2 Samuel 17

2 Samuel 17

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Hushai Saves David

17 Moreover, Ahithophel said to Absalom, “Let me choose twelve thousand men, and I will arise and pursue David tonight. I will come upon him while he is weary and discouraged and throw him into a panic, and all the people who are with him will flee. I will strike down only the king, and I will bring all the people back to you as a bride comes home to her husband. You seek the life of only one man, and all the people will be at peace.” And the advice seemed right in the eyes of Absalom and all the elders of Israel.

Then Absalom said, “Call Hushai the Archite also, and let us hear what he has to say.” And when Hushai came to Absalom, Absalom said to him, “Thus has Ahithophel spoken; shall we do as he says? If not, you speak.” Then Hushai said to Absalom, “This time the counsel that Ahithophel has given is not good.” Hushai said, “You know that your father and his men are mighty men, and that they are enraged, like a bear robbed of her cubs in the field. Besides, your father is expert in war; he will not spend the night with the people. Behold, even now he has hidden himself in one of the pits or in some other place. And as soon as some of the people fall at the first attack, whoever hears it will say, ‘There has been a slaughter among the people who follow Absalom.’ Then even the valiant man, whose heart is like the heart of a lion, will utterly melt with fear, for all Israel knows that your father is a mighty man, and that those who are with him are valiant men. But my counsel is that all Israel be gathered to you, from Dan to Beersheba, as the sand by the sea for multitude, and that you go to battle in person. So we shall come upon him in some place where he is to be found, and we shall light upon him as the dew falls on the ground, and of him and all the men with him not one will be left. If he withdraws into a city, then all Israel will bring ropes to that city, and we shall drag it into the valley, until not even a pebble is to be found there.” And Absalom and all the men of Israel said, “The counsel of Hushai the Archite is better than the counsel of Ahithophel.” For the LORD had ordained to defeat the good counsel of Ahithophel, so that the LORD might bring harm upon Absalom.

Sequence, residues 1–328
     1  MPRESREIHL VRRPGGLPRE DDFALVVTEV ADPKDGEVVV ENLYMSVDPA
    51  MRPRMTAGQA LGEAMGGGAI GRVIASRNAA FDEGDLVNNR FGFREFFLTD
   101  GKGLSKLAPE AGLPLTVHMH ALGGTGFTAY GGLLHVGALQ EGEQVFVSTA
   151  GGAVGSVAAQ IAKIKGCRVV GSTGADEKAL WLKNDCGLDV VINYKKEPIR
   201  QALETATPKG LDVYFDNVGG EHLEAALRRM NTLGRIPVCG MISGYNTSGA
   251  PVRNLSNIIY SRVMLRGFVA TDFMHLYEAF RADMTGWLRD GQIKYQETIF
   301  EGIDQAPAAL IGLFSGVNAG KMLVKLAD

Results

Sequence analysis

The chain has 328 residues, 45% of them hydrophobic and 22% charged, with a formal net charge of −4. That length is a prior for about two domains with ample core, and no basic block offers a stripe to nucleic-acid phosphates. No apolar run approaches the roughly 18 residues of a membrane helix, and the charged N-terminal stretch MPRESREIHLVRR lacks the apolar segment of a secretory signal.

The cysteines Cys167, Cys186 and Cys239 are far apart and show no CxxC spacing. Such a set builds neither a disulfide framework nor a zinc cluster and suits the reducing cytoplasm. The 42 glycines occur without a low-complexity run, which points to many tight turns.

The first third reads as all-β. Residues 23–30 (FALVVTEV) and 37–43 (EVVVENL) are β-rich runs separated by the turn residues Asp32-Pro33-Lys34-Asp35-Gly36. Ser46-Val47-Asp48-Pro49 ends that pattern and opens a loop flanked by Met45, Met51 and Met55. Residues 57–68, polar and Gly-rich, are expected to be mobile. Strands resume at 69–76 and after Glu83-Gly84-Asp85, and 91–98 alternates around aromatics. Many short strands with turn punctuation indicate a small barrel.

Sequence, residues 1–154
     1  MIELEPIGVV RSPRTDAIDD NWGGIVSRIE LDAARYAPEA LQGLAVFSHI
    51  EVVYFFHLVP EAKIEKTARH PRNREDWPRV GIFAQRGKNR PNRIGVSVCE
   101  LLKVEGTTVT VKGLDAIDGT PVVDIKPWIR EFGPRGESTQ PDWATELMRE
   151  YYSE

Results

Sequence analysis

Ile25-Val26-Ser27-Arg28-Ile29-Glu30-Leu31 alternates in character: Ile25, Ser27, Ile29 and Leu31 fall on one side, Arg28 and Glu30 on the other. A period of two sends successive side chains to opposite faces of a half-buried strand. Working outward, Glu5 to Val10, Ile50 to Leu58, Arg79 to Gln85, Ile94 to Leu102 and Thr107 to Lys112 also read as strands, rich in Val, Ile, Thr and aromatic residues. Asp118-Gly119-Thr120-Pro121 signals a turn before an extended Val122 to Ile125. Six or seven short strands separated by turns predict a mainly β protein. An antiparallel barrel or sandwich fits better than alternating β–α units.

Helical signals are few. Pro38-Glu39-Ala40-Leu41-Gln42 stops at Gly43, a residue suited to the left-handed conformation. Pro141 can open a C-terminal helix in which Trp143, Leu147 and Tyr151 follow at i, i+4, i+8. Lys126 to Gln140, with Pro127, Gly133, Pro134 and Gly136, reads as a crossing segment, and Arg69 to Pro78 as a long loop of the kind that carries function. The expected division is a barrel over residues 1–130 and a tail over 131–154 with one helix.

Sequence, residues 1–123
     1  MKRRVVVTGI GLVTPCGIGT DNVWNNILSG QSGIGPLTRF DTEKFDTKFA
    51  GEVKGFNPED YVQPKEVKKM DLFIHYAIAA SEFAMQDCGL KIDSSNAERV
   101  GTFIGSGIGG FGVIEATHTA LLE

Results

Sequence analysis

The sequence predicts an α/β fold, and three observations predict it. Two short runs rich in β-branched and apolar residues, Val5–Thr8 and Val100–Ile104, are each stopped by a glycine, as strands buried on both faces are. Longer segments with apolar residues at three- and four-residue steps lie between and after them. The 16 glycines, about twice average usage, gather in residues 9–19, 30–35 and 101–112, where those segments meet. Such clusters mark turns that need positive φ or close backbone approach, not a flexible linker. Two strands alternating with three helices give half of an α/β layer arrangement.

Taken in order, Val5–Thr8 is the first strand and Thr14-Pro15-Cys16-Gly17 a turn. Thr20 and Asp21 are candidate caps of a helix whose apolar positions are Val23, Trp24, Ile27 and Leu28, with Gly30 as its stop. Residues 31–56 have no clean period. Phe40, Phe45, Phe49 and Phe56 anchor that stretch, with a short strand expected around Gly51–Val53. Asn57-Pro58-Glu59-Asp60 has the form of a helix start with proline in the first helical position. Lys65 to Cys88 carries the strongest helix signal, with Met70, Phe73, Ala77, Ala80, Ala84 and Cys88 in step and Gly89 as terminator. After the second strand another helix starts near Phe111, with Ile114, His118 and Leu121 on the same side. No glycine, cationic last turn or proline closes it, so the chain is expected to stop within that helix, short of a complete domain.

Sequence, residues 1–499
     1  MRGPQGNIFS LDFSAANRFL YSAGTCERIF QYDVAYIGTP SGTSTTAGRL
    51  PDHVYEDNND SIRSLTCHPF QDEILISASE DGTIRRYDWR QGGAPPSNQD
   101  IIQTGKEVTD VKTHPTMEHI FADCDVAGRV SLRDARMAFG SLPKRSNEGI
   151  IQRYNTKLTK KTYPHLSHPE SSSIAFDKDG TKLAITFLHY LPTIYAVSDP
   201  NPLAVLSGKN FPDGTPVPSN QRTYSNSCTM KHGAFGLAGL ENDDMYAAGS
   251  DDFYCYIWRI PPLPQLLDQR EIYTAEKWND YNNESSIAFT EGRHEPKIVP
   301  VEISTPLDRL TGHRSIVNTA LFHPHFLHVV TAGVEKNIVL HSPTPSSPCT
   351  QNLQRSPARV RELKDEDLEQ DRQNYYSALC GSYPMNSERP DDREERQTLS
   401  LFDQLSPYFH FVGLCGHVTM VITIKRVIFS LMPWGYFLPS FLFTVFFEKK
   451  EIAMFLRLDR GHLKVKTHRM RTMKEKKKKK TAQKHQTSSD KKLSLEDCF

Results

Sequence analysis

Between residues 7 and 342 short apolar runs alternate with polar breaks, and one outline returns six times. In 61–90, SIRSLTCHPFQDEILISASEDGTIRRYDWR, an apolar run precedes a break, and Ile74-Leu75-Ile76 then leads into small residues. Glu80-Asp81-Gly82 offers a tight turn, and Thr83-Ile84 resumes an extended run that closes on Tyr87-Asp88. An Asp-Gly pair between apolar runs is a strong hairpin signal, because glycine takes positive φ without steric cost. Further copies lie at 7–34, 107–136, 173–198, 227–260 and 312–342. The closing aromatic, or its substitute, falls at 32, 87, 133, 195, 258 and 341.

Then Hushai said to Zadok and Abiathar the priests, “Thus and so did Ahithophel counsel Absalom and the elders of Israel, and thus and so have I counseled. Now therefore send quickly and tell David, ‘Do not stay tonight at the fords of the wilderness, but by all means pass over, lest the king and all the people who are with him be swallowed up.’” Now Jonathan and Ahimaaz were waiting at En-rogel. A female servant was to go and tell them, and they were to go and tell King David, for they were not to be seen entering the city. But a young man saw them and told Absalom. So both of them went away quickly and came to the house of a man at Bahurim, who had a well in his courtyard. And they went down into it. And the woman took and spread a covering over the well’s mouth and scattered grain on it, and nothing was known of it. When Absalom’s servants came to the woman at the house, they said, “Where are Ahimaaz and Jonathan?” And the woman said to them, “They have gone over the brook of water.” And when they had sought and could not find them, they returned to Jerusalem.

After they had gone, the men came up out of the well, and went and told King David. They said to David, “Arise, and go quickly over the water, for thus and so has Ahithophel counseled against you.” Then David arose, and all the people who were with him, and they crossed the Jordan. By daybreak not one was left who had not crossed the Jordan.

When Ahithophel saw that his counsel was not followed, he saddled his donkey and went off home to his own city. He set his house in order and hanged himself, and he died and was buried in the tomb of his father.

Then David came to Mahanaim. And Absalom crossed the Jordan with all the men of Israel. Now Absalom had set Amasa over the army instead of Joab. Amasa was the son of a man named Ithra the Ishmaelite, who had married Abigal the daughter of Nahash, sister of Zeruiah, Joab’s mother. And Israel and Absalom encamped in the land of Gilead.

When David came to Mahanaim, Shobi the son of Nahash from Rabbah of the Ammonites, and Machir the son of Ammiel from Lo-debar, and Barzillai the Gileadite from Rogelim, brought beds, basins, and earthen vessels, wheat, barley, flour, parched grain, beans and lentils, honey and curds and sheep and cheese from the herd, for David and the people with him to eat, for they said, “The people are hungry and weary and thirsty in the wilderness.”


2 Samuel 17 Commentary

by Hank Workman